Even, the request for proposals (RFPs) issued by State Bank of India (SBI) for enrolling banking correspondents (BCs) in Maharashtra says that the technology solutions can be based on authentication system other than those of UIDAI (Aadhaar, what else?). Bankers, especially, belonging to state-run banks, have expressed reservations about the legality of Aadhaar.
Last year in December, the Parliamentary Standing Committee on Finance, headed by Yashwant Sinha had rejected the National Identification Authority of India Bill (NIA Bill). The finance ministry, the home ministry and the Planning Commission, further strengthening the committee's reservations to the big-ticket scheme, have also opposed the project.
The committee also raised concerns about security, data theft and privacy. “Considering the huge database size and possibility of misuse of information, enactment of a national data protection law, which is at a draft stage, is a prerequisite for any law that deals with large scale collection of information from individuals and its linkages across separate database… The committee is afraid that the scheme may wind up being dependent on private agencies…,” the committee noted in its report.
According to a potential class action suit filed by Bengaluru-based Col (retd) Mathew Thomas of Citizens’ Action Forum and VK Somasekhar, founder-trustee of Grahak Shakti, every day the UID project continues, several crore of rupees of taxpayers’ money would be lost. Apart from this, the continued gathering of people’s data would be an unacceptable security risk both to the people and the nation itself.
“It is respectfully submitted that while millions are dying of hunger, starvation and deprivation be it children, women, men or aged persons, spending such huge amounts of money to benefit and make it possible for many to pocket the money at the expense of the citizen in the name of Aadhaar even without any legislative sanction is illegal. Plaintiffs are affected by the conduct of the defendants and so are many millions of Indians,” said Col (retd) Thomas and Mr Somasekhar in the petition.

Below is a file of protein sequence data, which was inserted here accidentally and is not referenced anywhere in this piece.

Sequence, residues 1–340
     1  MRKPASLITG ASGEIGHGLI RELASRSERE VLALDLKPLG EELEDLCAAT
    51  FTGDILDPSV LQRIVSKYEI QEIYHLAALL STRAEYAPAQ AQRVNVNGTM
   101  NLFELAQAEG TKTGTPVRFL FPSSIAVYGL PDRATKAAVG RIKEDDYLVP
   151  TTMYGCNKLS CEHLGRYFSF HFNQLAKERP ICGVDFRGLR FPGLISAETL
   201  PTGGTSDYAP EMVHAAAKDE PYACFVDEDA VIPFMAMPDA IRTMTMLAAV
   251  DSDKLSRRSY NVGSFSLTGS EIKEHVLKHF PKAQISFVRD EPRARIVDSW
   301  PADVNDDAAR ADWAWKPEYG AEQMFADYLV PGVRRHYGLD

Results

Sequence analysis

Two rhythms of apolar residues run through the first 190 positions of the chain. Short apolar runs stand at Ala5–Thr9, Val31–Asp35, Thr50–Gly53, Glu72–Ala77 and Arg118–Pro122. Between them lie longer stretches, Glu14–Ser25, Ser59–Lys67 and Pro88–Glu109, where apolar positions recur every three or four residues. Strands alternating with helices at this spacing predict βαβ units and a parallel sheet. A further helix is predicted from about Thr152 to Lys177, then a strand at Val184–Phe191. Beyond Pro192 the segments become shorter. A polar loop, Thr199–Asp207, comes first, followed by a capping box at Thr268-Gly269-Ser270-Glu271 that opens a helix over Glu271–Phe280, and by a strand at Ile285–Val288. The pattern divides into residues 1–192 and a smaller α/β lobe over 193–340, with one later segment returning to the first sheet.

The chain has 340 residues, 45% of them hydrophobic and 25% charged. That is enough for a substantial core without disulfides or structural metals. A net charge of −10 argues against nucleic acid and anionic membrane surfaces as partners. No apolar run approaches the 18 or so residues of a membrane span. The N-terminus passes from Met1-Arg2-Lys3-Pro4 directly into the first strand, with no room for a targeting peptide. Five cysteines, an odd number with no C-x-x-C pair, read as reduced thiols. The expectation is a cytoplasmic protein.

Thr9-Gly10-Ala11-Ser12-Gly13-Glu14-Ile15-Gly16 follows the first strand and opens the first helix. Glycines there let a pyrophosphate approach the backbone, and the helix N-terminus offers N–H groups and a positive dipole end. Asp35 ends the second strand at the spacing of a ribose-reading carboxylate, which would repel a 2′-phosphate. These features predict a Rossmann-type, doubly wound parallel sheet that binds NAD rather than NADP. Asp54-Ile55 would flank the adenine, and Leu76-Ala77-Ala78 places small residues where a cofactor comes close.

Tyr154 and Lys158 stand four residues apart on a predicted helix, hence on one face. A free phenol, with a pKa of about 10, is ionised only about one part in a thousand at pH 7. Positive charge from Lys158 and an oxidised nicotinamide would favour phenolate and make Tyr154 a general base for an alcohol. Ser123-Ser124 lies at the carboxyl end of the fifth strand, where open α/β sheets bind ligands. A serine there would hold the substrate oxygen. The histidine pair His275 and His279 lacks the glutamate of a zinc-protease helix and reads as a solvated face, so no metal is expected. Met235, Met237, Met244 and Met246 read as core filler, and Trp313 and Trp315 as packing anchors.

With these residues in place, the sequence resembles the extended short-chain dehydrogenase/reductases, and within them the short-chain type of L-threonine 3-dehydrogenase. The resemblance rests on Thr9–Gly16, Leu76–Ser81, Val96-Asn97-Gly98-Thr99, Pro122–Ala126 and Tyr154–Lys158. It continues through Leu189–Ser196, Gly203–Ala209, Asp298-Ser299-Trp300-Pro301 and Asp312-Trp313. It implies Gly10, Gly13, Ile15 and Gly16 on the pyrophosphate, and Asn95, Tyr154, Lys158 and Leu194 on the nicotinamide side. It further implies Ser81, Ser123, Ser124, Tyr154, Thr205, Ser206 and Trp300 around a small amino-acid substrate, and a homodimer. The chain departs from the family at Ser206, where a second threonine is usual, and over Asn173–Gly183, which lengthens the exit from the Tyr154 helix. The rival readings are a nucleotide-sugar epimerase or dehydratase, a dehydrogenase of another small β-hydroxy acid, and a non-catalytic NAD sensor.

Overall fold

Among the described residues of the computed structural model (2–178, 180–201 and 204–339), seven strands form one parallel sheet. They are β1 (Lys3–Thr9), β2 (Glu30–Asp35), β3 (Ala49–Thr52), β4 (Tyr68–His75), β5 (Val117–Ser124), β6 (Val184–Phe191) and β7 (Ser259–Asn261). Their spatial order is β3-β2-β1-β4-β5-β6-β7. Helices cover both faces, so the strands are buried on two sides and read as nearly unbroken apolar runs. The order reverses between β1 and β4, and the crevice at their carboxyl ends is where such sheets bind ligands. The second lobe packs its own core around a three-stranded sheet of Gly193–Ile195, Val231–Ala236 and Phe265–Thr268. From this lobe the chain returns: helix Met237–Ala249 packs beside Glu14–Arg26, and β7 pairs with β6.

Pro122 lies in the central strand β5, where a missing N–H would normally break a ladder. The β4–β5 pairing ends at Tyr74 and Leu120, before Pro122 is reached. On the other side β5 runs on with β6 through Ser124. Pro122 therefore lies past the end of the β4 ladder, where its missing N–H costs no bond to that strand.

Social activist and writer Arundhati Roy, in an interview to the New Internationalist magazine expressed reservation about the Aadhaar scheme. “Imagine a government that cannot provide food or water to its people, a government whose policies have created a population of 800 million people who live on less than Rs20 [about 45 US cents] a day, a country which has the largest number of malnourished children in the world, which has, as a major priority, the desire to distribute UID cards to all of its citizens.”
“The UID is a corporate scam which funnels billions of dollars into the IT sector. To me, it is one of the most serious transgressions that is on the cards. It is nothing more than an administrative tool in the hands of a police state," the activist had said.
The UIDAI is also been accused to make false claims about the reliability of biometrics used in the Aadhaar project. (Read: True lies of biometric technology in Aadhaar enrolment).
The minister for state for finance told parliament that LIC made a profit on PSU investments until 31 March 2012. It has certainly racked up big losses since then
Namo Narain Meena, the minister of state for finance, told the Rajya Sabha in response to a question that Life Insurance Corporation of India (LIC) has made a profit on its investments in public sector undertakings. Let’s look at how wafer-thin this profit was and what has happened since.
According to Press Trust of India (PTI) release, the minister said, “the book value of the total outstanding investment as on 31 March 2012, was Rs59,116.36 crore and its market value was Rs59,851.16 crore.” This means that even on that day, the investment was barely above water with a notional capital appreciation of barely Rs730 crore on this massive portfolio.